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Pre-Sort Considerations

Before Sorting

Protein Concentration

     Most cells require protein in their culture media to thrive, and the preferred concentration of this can vary greatly.  For samples that will pass through the cytometer however we need to be mindful that the protein concentration in the media used is minimal.  The sample will be introduced to the flow cell via a process called Hydrodynamic Focusing, where an outer sheath fluid will carry and focus the core stream of fluid that is bearing our cells.  The Core stream is comprised of whatever media you prepare your cells with and the cells themselves.  The sheath fluid is usually a saline type buffer, isotonic and protein free.  Each distict fluid will have slightly different refractive indices, that is to say, photons will pass through these fluids differently.  If these differences are great we can end up with an issue known as the Schlieren Effect, whereas more photons will be scattered at the interface of these two different fluids and this can have a deletrious effect on the measurements we are striving for.  In light of this we recommend you prepare your sample media with no more than 5% protein(BSA, FBS, etc) and if possible use less.  The lower the concentration you can get away with the better measurement we'll be able to take.  Having said this, the Schlieren effect is usually not a debilitating factor for most samples, it is most important for measurement of very small particles.  If your particular cells absolutely need a greater concentration of protein to insure viability then by all means bring your sample with the required amount of protein, we have seen samples where the cells rapidly died with lower than 10% protein but this is rare.

Phenol Red

     Your culture media may contain the pH indicator dye Phenol Red.  The color of your media will change from a red color at a pH around 7.4 to a pink color when more alkali and a yellow color when more acidic.  Its is important to note that this dye has flourescent characteristics and will absorb and emit photons spectrally overlapping some of the fluorochromes we commonly use, thus interferring with the measurements we will be taking.  Additionally the refractive index of Phenol Red changes in relation to pH, further adding to complications in regards to the Schlieren Effect mentioned above.  In light of this it is recomended that you do not bring your sort sample in media containing Phenol Red.

Buffering

     Most culture media is buffered using bicarbonate contained in the buffer and CO2 that is pumped into the cell cuture incubator.  This system works well for cell cuture but there is no CO2 being pumped into our sorter so if you rely on this mechanism your sample will be unbuffered.  Many cell types are very sensitive to pH changes and poor viability can result in situations where cells are not properly buffered.  It is recommended that your basal media be buffered using the appropriate concentration of HEPES buffer for sort samples.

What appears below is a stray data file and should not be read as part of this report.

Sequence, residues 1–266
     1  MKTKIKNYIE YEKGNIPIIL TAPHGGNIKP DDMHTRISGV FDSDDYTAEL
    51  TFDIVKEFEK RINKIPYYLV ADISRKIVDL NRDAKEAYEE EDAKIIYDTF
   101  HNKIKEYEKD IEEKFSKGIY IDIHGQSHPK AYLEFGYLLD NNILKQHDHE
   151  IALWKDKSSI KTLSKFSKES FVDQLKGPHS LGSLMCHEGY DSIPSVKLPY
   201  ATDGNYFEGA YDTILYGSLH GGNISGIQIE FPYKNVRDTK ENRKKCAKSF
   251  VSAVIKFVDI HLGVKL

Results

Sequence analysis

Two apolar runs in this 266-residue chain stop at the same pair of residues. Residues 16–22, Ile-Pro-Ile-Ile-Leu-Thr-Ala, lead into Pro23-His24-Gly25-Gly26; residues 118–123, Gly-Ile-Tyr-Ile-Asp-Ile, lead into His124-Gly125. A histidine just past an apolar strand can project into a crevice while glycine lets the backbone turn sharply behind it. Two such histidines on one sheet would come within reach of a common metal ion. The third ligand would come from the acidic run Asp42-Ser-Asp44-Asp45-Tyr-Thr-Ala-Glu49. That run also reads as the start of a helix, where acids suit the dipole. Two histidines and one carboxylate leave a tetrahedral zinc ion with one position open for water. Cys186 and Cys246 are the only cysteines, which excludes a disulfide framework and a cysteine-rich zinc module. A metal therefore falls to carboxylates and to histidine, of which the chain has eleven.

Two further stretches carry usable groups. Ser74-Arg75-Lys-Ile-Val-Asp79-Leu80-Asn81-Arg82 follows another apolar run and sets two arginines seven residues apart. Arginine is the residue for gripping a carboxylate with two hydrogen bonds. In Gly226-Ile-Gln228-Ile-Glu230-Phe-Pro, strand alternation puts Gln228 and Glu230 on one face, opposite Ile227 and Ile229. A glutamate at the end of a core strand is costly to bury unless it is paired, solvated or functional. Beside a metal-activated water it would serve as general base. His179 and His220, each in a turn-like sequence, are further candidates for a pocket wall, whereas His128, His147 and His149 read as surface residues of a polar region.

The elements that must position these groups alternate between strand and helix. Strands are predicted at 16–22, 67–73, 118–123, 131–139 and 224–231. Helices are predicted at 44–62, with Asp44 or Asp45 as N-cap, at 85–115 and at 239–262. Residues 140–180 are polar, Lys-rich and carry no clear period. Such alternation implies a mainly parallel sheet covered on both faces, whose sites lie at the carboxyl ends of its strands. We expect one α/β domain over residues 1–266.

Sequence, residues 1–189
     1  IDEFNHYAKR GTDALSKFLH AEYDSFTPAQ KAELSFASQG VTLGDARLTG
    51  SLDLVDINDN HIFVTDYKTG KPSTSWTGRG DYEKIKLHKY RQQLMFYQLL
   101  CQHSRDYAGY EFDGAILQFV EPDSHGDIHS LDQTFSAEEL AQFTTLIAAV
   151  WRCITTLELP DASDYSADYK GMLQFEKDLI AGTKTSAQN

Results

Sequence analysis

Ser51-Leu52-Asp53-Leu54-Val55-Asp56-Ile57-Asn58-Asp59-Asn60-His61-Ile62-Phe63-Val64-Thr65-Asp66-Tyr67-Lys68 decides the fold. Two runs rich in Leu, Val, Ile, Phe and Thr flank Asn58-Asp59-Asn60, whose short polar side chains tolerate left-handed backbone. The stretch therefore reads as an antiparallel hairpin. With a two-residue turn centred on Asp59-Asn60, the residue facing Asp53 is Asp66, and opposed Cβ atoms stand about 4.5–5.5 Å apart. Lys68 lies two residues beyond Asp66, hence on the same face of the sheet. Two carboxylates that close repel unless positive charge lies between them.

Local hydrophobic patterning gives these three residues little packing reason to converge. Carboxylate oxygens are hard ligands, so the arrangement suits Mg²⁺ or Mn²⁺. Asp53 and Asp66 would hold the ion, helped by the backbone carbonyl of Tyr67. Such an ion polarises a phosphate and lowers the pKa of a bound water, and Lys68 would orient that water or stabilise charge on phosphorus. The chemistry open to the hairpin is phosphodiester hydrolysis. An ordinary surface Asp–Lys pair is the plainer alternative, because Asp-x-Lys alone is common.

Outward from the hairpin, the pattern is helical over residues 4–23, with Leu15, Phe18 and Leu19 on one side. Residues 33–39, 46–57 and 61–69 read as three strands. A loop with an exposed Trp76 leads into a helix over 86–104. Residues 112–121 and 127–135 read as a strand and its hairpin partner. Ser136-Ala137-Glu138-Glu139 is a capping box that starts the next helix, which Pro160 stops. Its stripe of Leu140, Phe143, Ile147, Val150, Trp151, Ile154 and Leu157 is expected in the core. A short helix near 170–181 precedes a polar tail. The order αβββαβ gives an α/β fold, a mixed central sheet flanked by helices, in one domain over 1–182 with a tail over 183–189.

Temperature

     Please bring your prepared sort samples on ice.  The sample chamber on the sorter is maintained at 4 degrees Celsius as is the collection apparatus for the cells post sort.

Viability Dyes

     Whenever possible it is recommended that your add the appropriate dye to measure cell viability to your sort sample.  In general a concentration of 1ug/ml of Propidium Iodide, 7-AAD, or DAPI will be sufficient to discriminate dead and dying cells from the viable cells.  Light scatter alone is a poor method to discriminate live/dead, you will get most of the dead cells removed from your gating hierarchy but you will have some remaining always.  The issue regarding these dead cells is that with their unintact membrane most antibodies and fluorochromes will stick to them, creating false positives that you will have difficulty excluding from your target population without a viability dye.

Filtration

     All sort samples must be filtered through 40um mesh filters immediately prior to sorting.  If you are concerned about cell loss due to filtering we can assist you in methods to maximize recovery but I assure you, anything that will not pass through the filter will most likely clog the instrument.  This will result in a downtime that will increase the stress on your cells, and our instruments and staff.

Cell Density

     For lower pressure, 100um sorts you can bring your cells at a density of 5x106 cells/ml to start.  For higher pressure, 70um sorts you can bring your cells at 1-2x107 cells/ml.  Please bring extra sample media in case we need to dilute your samples.  We'll make suggestions as we progress with your sorting to optimize cell concentration to maximize efficiency and minimize sorting time.

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This page was last updated September 26, 2007 and is maintained by Kevin Weller